Ship emitted NO2 in the Indian Ocean: comparison of model results with satellite data K. Franke1,2, A. Richter1, H. Bovensmann1, V. Eyring2, P. Jöckel3, P. Hoor3, and J. P. Burrows1,4 1University of Bremen, Institute for Environmental Physics, Bremen, Germany 2Deutsches Zentrum für Luft- und Raumfahrt, Institut für Physik der Atmosphäre, Oberpfaffenhofen, Germany 3Max Planck Institute for Chemistry, Mainz, Germany 4Centre for Ecology and Hydrology, Wallingford, UK
Abstract. The inventory of NOx emission from international shipping has been
evaluated by comparing NO2 tropospheric columns derived from the
satellite instruments SCIAMACHY (January 2003 to February 2008), GOME
(January 1996 to June 2003), and GOME-2 (March 2007 to February 2008) to
NO2 columns calculated with the atmospheric chemistry general
circulation model ECHAM5/MESSy1 (January 2000 to October 2005).
For both measurements and model consistently the tropospheric excess method was used to obtain mean NO2
columns over the shipping lane from India to Indonesia, and over two ship free
regions, the Bay of Bengal and the central Indian Ocean. The long-term data set
from SCIAMACHY yields the first monthly analysis of ship induced NO2
enhancements in the Indian Ocean. Comparison of data from the three instruments
and in addition OMI reveals differences between the datasets which are discussed
with respect to the diurnal cycle of NO2 and the increase in shipping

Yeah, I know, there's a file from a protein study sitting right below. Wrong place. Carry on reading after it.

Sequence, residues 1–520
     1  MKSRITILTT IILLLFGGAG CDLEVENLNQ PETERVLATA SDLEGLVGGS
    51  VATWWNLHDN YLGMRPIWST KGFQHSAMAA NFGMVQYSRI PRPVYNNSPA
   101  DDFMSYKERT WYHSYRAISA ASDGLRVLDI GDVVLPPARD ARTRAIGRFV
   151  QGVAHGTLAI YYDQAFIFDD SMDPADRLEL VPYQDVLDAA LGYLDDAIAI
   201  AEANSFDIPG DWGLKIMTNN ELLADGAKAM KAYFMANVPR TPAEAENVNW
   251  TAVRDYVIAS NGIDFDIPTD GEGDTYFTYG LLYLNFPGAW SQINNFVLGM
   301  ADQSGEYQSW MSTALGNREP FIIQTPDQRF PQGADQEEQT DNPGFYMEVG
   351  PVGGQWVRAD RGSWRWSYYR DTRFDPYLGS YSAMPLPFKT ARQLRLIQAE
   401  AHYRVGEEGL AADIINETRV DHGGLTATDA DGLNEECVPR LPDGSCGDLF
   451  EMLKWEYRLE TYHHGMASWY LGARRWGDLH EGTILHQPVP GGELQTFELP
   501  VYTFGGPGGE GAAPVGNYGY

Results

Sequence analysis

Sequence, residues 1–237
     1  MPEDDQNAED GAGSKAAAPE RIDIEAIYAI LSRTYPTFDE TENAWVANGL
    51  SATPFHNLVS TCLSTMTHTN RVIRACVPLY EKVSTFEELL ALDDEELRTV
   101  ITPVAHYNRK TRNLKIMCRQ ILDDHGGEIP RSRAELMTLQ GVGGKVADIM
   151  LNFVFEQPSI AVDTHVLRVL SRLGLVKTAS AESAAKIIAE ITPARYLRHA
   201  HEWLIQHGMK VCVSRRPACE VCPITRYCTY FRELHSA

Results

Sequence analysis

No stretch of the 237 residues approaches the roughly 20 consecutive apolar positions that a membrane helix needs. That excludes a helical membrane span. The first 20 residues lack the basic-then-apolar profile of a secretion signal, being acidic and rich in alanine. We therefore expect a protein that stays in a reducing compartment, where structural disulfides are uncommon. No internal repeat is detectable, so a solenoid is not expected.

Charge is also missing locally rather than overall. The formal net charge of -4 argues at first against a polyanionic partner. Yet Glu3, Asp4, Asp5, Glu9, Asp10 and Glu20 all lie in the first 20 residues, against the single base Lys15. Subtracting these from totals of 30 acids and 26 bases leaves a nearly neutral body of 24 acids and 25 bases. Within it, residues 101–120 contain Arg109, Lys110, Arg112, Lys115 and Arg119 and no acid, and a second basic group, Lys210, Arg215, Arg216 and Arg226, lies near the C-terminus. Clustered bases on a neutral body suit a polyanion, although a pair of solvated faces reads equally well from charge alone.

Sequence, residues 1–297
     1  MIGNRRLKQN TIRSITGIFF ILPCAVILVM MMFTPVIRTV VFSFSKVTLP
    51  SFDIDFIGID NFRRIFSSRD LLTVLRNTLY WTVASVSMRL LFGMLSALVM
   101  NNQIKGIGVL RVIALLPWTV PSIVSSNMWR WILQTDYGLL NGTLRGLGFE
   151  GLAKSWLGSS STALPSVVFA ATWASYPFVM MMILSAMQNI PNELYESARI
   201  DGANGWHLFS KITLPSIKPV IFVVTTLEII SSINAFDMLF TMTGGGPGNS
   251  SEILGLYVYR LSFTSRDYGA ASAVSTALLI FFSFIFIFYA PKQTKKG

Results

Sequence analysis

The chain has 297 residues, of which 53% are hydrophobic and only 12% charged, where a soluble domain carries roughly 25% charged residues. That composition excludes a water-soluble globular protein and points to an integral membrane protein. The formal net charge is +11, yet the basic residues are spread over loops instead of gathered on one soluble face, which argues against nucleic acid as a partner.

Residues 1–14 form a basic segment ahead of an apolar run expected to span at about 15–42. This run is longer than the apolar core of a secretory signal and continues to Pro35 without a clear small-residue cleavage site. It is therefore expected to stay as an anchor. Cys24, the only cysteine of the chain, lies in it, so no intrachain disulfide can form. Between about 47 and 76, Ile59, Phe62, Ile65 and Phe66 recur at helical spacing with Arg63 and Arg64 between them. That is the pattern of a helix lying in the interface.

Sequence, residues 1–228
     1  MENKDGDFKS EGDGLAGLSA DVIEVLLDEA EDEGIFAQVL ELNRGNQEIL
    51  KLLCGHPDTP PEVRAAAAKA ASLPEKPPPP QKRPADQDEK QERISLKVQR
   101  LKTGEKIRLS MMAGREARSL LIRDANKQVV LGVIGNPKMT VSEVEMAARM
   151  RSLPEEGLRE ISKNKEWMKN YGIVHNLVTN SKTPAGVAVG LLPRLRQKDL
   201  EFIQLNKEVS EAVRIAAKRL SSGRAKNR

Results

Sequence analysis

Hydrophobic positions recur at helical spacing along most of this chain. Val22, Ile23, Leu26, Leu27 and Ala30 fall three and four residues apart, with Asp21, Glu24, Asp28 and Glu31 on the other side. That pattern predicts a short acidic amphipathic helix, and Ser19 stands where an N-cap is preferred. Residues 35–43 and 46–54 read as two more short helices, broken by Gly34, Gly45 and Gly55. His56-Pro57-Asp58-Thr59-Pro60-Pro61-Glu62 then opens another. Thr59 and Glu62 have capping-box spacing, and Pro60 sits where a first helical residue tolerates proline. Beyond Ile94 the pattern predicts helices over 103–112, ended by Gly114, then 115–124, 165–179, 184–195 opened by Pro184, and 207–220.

traffic over the time period studied.
In general, the model
simulates the differences between the regions affected by ship
pollution and ship free regions reasonably well. Minor discrepancies between
model results and satellite data were identified during biomass burning seasons
in March to May over India and the Indochinese Peninsula and August to October
over Indonesia. We conclude that the NOx ship emission inventory used in
this study is a good approximation of NOx ship emissions in
the Indian Ocean for the years 2002 to 2007. It assumes that around
6 Tg(N) yr−1 are emitted by international shipping globally,
resulting in 90 Gg(N) yr−1 in the region of interest when using
Automated Mutual Assistance Vessel Rescue System (AMVER) as spatial
proxy. A second model run using lower ship emissions estimates of
3–4 Tg(N) yr−1 globally results in poorer agreement with the satellite data.
Citation: Franke, K., Richter, A., Bovensmann, H., Eyring, V., Jöckel, P., Hoor, P., and Burrows, J. P.: Ship emitted NO2 in the Indian Ocean: comparison of model results with satellite data, Atmos. Chem. Phys., 9, 7289-7301, doi:10.5194/acp-9-7289-2009, 2009.